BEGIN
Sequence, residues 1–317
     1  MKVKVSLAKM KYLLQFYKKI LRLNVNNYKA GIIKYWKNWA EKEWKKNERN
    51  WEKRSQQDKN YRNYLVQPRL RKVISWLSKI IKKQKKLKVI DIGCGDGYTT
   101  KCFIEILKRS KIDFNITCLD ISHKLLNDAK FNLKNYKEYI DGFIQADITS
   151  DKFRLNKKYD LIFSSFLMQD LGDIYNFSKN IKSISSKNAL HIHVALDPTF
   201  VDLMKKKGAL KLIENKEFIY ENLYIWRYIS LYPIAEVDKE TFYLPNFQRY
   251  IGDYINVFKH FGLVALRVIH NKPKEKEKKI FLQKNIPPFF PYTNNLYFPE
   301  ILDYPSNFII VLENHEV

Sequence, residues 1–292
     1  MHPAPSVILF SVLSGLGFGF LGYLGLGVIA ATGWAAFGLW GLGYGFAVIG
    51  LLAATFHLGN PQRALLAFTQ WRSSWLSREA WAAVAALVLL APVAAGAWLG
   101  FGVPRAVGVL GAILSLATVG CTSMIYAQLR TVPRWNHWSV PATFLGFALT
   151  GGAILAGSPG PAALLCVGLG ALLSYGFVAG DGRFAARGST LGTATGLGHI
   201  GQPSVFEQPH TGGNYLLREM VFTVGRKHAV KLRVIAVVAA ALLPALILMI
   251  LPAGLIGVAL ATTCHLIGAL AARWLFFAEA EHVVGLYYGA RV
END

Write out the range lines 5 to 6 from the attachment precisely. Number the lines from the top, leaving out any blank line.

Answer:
   151  DKFRLNKKYD LIFSSFLMQD LGDIYNFSKN IKSISSKNAL HIHVALDPTF
   201  VDLMKKKGAL KLIENKEFIY ENLYIWRYIS LYPIAEVDKE TFYLPNFQRY